Eifel Grand Prix 2020: Time, TV channel, live stream, grid

Date published: October 11 2020

Nurburgring-PA

Formula 1 may be about to contest the first Eifel Grand Prix, but it will be a familiar host in the form of the Nurburgring.

Formula 1 has bathed in the late summer sunshine of Europe in recent months, but a change is coming.

The Nurburgring will return to the Formula 1 calendar for the first time since 2013 with chilly conditions, and perhaps a bit of rain to provide the teams and drivers with a very unfamiliar challenge.

Of the current names on the grid only Lewis Hamilton and Sebastian Vettel have won a Formula 1 race at the Nurburgring, and Hamilton returns looking to reassert his dominance after his Mercedes team-mate Valtteri Bottas won the Russian Grand Prix, benefiting from two controversial five-second penalties for Hamilton.

44 points is the gap between Hamilton and Bottas, but Hamilton or Mercedes can’t afford any further rule breaking in the battle for the Drivers’ and Constructors’ Championships.

Here’s everything you need to know ahead of the Eifel Grand Prix…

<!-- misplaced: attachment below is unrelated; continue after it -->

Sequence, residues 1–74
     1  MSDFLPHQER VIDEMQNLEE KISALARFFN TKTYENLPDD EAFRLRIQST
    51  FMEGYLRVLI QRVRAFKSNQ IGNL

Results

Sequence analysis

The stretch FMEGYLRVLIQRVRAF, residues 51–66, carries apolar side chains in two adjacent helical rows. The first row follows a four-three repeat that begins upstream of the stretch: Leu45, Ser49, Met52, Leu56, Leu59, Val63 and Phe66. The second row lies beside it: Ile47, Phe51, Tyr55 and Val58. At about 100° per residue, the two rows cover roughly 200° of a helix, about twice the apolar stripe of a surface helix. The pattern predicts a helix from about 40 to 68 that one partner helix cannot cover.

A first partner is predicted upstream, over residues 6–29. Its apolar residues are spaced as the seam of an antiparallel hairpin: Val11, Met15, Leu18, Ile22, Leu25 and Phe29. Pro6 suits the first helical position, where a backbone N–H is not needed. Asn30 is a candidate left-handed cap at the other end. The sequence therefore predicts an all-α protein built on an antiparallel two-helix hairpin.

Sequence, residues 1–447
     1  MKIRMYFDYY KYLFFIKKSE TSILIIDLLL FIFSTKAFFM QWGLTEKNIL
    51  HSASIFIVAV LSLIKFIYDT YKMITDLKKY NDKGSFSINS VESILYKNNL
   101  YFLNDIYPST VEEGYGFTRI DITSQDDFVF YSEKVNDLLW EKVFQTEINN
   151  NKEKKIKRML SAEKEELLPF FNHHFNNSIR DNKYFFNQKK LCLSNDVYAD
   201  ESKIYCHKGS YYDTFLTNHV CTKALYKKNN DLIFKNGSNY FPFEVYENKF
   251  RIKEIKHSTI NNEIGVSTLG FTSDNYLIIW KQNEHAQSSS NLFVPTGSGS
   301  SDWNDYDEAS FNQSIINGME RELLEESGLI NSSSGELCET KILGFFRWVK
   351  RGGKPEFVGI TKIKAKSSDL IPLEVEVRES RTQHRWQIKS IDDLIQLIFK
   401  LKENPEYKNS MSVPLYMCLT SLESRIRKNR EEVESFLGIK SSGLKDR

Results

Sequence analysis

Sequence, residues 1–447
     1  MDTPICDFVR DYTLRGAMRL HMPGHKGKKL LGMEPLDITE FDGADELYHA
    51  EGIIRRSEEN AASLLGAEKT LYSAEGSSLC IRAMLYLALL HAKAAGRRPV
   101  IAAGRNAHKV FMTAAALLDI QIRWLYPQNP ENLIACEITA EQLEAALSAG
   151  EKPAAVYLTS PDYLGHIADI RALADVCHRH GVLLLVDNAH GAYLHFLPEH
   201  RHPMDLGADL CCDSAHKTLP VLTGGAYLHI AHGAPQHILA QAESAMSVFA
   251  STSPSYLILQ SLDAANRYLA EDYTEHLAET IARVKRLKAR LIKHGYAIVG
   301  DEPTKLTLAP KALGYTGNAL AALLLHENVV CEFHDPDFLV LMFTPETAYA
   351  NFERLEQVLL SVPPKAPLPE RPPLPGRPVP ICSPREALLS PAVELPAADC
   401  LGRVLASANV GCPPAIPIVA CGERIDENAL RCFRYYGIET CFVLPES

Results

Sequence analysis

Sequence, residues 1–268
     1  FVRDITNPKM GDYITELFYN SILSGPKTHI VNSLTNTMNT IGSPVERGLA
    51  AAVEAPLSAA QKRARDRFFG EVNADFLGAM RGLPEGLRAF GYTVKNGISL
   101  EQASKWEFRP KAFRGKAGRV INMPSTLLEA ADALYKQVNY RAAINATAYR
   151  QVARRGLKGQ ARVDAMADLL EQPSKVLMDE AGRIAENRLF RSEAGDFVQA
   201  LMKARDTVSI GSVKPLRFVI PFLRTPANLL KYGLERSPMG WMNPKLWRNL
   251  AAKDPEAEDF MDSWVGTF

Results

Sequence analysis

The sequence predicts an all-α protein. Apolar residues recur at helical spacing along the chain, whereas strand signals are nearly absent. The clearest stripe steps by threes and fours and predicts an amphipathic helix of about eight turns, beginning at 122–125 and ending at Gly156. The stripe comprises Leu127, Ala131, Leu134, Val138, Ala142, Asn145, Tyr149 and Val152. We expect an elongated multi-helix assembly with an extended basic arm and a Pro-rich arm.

When is the 2020 Eifel Grand Prix?

The start times for the Eifel Grand Prix are as follows:

Practice 1: Friday October 9, 1100-1230 local time (1000-1130 BST)

Practice 2: Friday October 9, 1500-1630 local time (1400-1530 BST)

Practice 3: Saturday October 10, 1200-1300 local time (1100-1200 BST)

Qualifying: Saturday October 10, 1500 local time (1400 BST)

Race: Sunday October 11, 1410 local time (1310 BST)

Where does the 2020 Eifel Grand Prix take place?

The Nurburgring has played host to the German, European and Luxembourg Grand Prix before, but for 2020 it will return with a new identity of the Eifel Grand Prix, taking its name from the nearby mountain range.

Based in the town of Nurburg, Rhineland-Palatinate, Germany, the Nurburgring has a rich history in Formula 1 having first hosted a Grands Prix on its current layout in 2002.

But this track, now 3.199-miles long and consisting of 15 turns, has been tamed from the wild beast that it once was.

After World War II the Nordschleife of the Nürburgring again became the main venue for the German Grand Prix as part of the Formula One World Championship until 1970, though its more iconic name of “The Green Hell” was assigned by Jackie Stewart after he won the 1968 German Grand Prix whilst fog and heavy rain plagued the race.

But in 1970, after the fatal crash of Piers Courage at Zandvoort, drivers decided to boycott the Nürburgring unless major safety improvements were made.

This didn’t happen, and the German Grand Prix moved to the Hockenheimring.

In 1971 Formula 1 returned to the modified Nordschleife circuit but by 1984 Formula 1 started racing on the newly-built GP-Strecke layout at the Nurburgring.